• by Albanach ( 527650 ) on Thursday May 08, 2003 @08:39AM (#5909258) Homepage
    This raises an interesting question about how, exactly, you are supposed to notify Microsoft by email.

    Microsoft make an interesting interpretation of RFCs by accepting all mail to postmaster@ but only insofar as to send an automatic response saying your message will not be read.

    This guy also says he tried to email them ten times and never got further than automagic autoreplies. Do they actually have a procedure to inform them when things are broken?

    • by Anonymous Coward
      Yes, it's called posting on slashdot, silly!
    • by zakezuke ( 229119 ) on Thursday May 08, 2003 @08:49AM (#5909302)
      There is an outlined procedure for this sorta thing...

      In the event a user discovers an exploit, inform user to reboot machine and it will go away.

      But seriously, there seems to be no OFFICIAL way for end users to actually contact microsoft, nor any sorta automated system to rank e-mails based on importance, nor any human within the phone network who actually knows who to talk to. People who i've known that worked there also have no clue as far as who to talk to, and admit this if you're lucky. If you are unlucky, just say it's a vender issue without thinking the vender is Microsoft.
      • by Zak3056 ( 69287 ) on Thursday May 08, 2003 @09:16AM (#5909446) Journal
        But seriously, there seems to be no OFFICIAL way for end users to actually contact microsoft, nor any sorta automated system to rank e-mails based on importance, nor any human within the phone network who actually knows who to talk to.

        Tell me about it. When IE5 first came out (with the modular installer) the installer had a nasty bug: If the FTP site it tried to connect to to download a CAB was full, it would create the CAB file which would contain no data, only the error message!

        As one might expect, this would cause the installation to bomb, and no explanation would be given to the user. Attempting to resume the installation would also fail. The solution was, of course, to go into the installer's temp directory and delete the bad CAB files and re-download them, but most users wouldn't know where to find them, and would be forced to start from scratch.

        When I attempted to contact Microsoft about the problem, they asked me for a credit card number. When I explained I didn't want support and was trying to report a bug, I was transferred to someone else who... asked me for a credit card number. Wash, rinse, repeat.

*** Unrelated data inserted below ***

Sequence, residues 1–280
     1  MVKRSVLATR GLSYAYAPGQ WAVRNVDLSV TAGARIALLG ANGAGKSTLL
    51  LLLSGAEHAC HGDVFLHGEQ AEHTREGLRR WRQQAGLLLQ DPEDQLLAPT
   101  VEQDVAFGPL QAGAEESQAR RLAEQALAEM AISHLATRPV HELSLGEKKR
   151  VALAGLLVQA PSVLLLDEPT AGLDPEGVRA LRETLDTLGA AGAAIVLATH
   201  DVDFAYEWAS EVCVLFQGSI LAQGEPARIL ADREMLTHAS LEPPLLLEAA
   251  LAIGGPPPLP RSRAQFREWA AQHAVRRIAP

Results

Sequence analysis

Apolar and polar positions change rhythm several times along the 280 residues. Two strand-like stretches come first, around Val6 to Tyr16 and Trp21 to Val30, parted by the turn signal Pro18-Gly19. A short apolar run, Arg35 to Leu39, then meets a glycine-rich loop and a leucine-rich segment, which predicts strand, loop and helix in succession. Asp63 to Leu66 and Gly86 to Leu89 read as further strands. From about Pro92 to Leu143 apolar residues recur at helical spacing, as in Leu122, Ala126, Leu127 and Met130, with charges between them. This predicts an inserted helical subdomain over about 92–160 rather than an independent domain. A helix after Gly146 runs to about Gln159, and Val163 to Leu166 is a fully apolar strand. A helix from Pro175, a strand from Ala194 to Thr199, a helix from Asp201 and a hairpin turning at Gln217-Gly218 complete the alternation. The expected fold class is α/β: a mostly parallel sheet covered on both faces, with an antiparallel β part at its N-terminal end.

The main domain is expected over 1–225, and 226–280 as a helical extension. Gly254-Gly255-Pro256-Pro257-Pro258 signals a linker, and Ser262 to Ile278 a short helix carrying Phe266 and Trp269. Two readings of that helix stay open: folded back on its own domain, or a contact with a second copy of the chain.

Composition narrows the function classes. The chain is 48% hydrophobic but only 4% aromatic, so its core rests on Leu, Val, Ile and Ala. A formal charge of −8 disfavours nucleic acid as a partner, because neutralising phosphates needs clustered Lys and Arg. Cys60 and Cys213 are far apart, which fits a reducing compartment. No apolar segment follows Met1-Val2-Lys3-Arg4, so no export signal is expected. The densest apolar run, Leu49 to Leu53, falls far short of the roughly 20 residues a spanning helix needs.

• RTFA (Score:2, Informative)

      by Anonymous Coward
    • by PerryMason ( 535019 ) on Thursday May 08, 2003 @08:53AM (#5909332)
      Do they actually have a procedure to inform them when things are broken?

      As far as i'm aware, they have a guy who just keeps clicking reload on the /. front page waiting for a new MS vulnerability story to pop up. They tried the same thing with Bugtraq but there were just way too many vulnerabilities for the poor guy to keep up.
    • I don't know about you guys, but I just got this from my buddy Steve Ballmer today:

      From Thu May 08 01:26:33 2003
      Return-Path: <>
      Received: (qmail 8935 invoked from network); 8 May 2003 01:26:32 -0000
      Received: from unknown (HELO (
      by xxxxxxxxxxxx with SMTP; 8 May 2003 01:26:12 -0000
      Received: from TK2MSFTDDSQ04 ([]) by with

  • by TubeSteak ( 669689 ) on Thursday May 08, 2003 @08:46AM (#5909289) Journal
    "Passport accounts are central repositories for a a person's online data and can include personal information such as birthdays and credit card numbers as well as acting as the single key for the customer's online accounts."

    Its kindof important to remember that this exploit has been out in the wild for a loooooong time. I can imagine Danka is going to have a lot of pissed of h4x0rs who are going to want their exploit back.

    ~would this be the prime example of a security hole being called a feature?~

    • Not to mention the real damage -- solid evidence that no matter how many assurances Microsoft gives you that your data is safe and they've taken all precautions, you simply cannot trust them with important personal data. How many times does your bank have to 'whoops' a $1500 deposit before you decide that it's just not acceptable to do business with them? Once is usually enough.

      Having your website defaced is one thing, and having a day-long network headache because of the most recent worm is one thing, b
  • thoughts (Score:2, Interesting)

    by unborracho ( 108756 )
    Since the report wasn't very descriptive, I was hoping someone could enlighten me. I would assume that since they don't ask you to provide your old password to change it, this is a method for users who forgot their old password to get it reset to some random password that Microsoft gave, and have it sent to an email that the user provided from the website.

    So couldn't Microsoft simply fix this by having the email sent to the person's email address they provided when they registered with .NET? (assuming it's
    • Re:thoughts (Score:5, Informative)

      by Kredal ( 566494 ) on Thursday May 08, 2003 @09:26AM (#5909510) Homepage Journal
      since it's been 404'd, I'll provide it here.

      If you went to: lc =1033&

      and replaced the victim address to a real user, and the to your address, they would send you an email telling you to click on another link, and you could set your own password. Wala, you now have rights to that hotmail account so you can read their mail, look at their buddy list, safely spam people, buy stuff (if they have their credit card saved), etc etc etc... Real fun stuff.

  • 404 (Score:2, Informative)

    by Richard_J_M ( 85730 )
    The vulnerability seems to return a 404 - so it seems hotmail have taken notice after all - even though it took a /. to make them notice.
  • by Ashyukun ( 551101 ) on Thursday May 08, 2003 @08:50AM (#5909311) Homepage
    Yet another reason to be glad I ditched my Hotmail account and refuse to use Passport after Hotmail 'politely' informed me that my last name (the one I was born with) violated their offensive language filter and asked me to change my last name.